There are many places on this planet that wine is not available so if you hold the view that communion can only be done with wine then that borders on ignorance of the reality that the way thing are in your situation is not the norm for the rest of the world.

Yes most Western Churches have the availability of wine but choose not to in order not to offend the weaker brother who may be struggling with alcohol or the freedom we have in Christ but we who are strong know that we are to accommodate him.

Michael said...

Gentlemen,
Regarding the question of 'Why does it matter?", the strongest argument for wine is of course that Jesus himself chose the symbols. And we should defer to this.

At the same time, I think there is much to be said for using wine, in normal circumstances, and bread because of their rich, biblically-rooted symbolism. Their constituent ingredients have been transformed through fermentation--a re-birth, so to speak. In replacing these signifiers, to put it simply, the signified is lost. At least that is what I think; I'm simply a layman.

Regards,
Michael in Berlin

Raving Rabbi said...

Grant - mars bars and coke for the youth? Sake and Rice for the Japanese, non-alcohol for AA, gluten free for wheat intollerant? Are you sure? I'm all in favour of being senstive to the exceptions, but we are talking about the biblical norm. This, due to mostly Victorian moral arguements has been subverted, and we need to respond.

Michael may be a layman but he's making crucial points.

It seems that the authority of scripture and the supremacy of Christ in the Church are connected to this.

artemio burns said...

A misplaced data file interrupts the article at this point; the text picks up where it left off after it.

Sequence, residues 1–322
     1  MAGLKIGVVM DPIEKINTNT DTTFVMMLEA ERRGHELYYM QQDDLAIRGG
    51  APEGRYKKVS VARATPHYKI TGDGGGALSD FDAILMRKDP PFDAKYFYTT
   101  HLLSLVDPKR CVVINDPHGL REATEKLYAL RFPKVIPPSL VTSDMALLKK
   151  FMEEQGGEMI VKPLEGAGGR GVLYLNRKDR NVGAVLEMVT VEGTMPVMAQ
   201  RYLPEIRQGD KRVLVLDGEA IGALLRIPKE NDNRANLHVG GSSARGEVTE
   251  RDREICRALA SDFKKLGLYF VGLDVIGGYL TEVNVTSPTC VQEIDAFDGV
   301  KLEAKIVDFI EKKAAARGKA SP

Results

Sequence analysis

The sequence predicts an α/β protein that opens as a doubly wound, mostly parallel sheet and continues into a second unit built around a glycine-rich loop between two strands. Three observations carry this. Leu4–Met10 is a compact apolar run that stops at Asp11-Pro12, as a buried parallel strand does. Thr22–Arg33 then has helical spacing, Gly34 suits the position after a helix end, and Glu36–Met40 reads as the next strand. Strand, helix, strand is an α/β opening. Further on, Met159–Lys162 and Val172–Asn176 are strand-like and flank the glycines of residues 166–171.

Regarding the Lord’s Supper, all three gospels agree that Jesus and the disciples were celebrating the Passover meal but Paul does not mention it. This is acceptable since the issue for Paul was conduct in the assembly and there was no need to go into why Jesus and the disciples were gathered to eat.

As to what actually happened at the meal, Matthew and Mark record that Jesus broke the bread while they were eating which would indicate that the meal was in progress. At some point after that Jesus passed the cup around. We can conclude that this was toward the end of the meal because after that they sung a hymn and departed for the garden. Neither makes any mention of doing any of it in remembrance. Was this because of an error on their part or was it because it Jesus never said it?

In Luke’s account Jesus passes the cup first with no mention of doing it in remembrance (22:18). Afterwards He breaks the bread during the meal, passes it around, and tells then to do it in his remembrance (22:19). Then after the meal is over he passes the cup again (22:20) but no mention of passing the cup in His remembrance. Are we to conclude then that we are only required to break bread but not pass the cup in Jesus’ remembrance?